The adoption of 3D printing in business
3D printers are now more popular than ever, due in part to the advancement in technology, availability of new materials and the lower cost of printing. This means that more and more industries have adopted 3D printers in their everyday operation, with 60% of 3D printing now being done in the workplace rather than being outsourced.
The medical industry was the first to utilise 3D printing as soon as it emerged. From the start, the medical industry has pushed the boundaries of the technology and 3D printing capabilities, from creating bespoke internal prosthetics, printing medication and creating 3D models from MRI scans. Thanks to these advances, the time patients are waiting for prosthetics have reduced, made surgical procedures safer for patients and decreased the cost all at the same time. The next revolutionary step the industry is currently working on is the ability to print tissue that resembles human tissue to repair and replace patients organs.
With the advances of 3D printers, they now come in all shapes and sizes from world’s smallest iBox Nano to the double-decker bus size printer, capable of making complex aircraft wings. The small mobile 3D printers offer a new use for those in remote locations, such as in a disaster area with limited power. These small printers can easily print a pipe repair in less than an hour, allowing people to get back to their everyday life. On the other hand, architects have been using huge scale 3D printers to build entire buildings, which only need 24 hours to dry! Although the printing of these buildings has been successful, they are yet to be used widely across the construction industry due to the time and room required for the huge 3D printer.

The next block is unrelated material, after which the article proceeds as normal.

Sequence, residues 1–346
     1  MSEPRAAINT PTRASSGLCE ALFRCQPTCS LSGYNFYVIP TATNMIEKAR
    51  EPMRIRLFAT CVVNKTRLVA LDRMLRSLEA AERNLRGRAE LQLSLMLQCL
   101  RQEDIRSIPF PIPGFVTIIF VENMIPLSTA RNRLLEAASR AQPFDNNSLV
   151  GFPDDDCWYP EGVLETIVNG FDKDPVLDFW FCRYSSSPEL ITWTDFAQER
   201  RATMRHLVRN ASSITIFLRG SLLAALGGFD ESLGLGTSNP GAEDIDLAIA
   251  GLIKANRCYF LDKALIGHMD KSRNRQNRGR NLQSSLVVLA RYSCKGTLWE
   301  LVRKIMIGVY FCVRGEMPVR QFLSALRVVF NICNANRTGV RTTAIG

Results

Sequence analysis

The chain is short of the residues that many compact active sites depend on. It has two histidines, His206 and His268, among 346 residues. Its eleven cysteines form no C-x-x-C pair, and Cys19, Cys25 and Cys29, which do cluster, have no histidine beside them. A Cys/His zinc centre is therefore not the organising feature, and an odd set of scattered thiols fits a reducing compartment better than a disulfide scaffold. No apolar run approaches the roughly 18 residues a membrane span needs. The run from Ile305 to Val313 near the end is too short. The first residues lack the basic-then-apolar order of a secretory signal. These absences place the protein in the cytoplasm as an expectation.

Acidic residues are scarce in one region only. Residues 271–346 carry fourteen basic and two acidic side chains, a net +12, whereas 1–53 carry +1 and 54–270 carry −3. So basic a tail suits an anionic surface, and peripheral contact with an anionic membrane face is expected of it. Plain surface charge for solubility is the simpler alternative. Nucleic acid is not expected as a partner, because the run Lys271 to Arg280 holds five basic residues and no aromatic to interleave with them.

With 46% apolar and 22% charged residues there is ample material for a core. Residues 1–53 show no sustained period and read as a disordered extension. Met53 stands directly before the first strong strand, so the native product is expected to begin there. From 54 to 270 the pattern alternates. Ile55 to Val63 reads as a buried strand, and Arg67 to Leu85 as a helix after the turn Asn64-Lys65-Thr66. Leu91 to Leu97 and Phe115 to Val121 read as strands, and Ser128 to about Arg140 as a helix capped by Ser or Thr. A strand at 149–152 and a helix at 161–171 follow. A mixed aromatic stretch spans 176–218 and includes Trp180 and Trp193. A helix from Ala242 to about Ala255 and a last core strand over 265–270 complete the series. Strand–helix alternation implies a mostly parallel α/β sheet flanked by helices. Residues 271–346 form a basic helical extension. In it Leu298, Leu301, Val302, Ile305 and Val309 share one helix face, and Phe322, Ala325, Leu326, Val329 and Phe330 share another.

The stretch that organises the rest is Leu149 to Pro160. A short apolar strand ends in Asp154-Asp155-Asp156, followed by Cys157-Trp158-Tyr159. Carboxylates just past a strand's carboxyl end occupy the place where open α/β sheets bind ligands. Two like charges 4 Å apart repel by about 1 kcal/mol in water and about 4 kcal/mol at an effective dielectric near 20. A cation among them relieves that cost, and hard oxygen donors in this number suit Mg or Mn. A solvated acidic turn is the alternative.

There are few drawbacks to using 3D printing, however, the biggest negative is the time it takes to print these products. Although this time has decreased over the past few years, the production lends itself more to the traditional one-off print, such as prototypes, or low quantity production runs and replacement parts.
Here at Altimex, we have taken advantage of 3D printing technology from creating jigs for production to enabling the design team to prototype finished systems with electronic circuits in them. We even designed our Rubik’s cube solving robot to showcase our electronic systems capability. Contact us today to see how we can use 3D printing in your projects.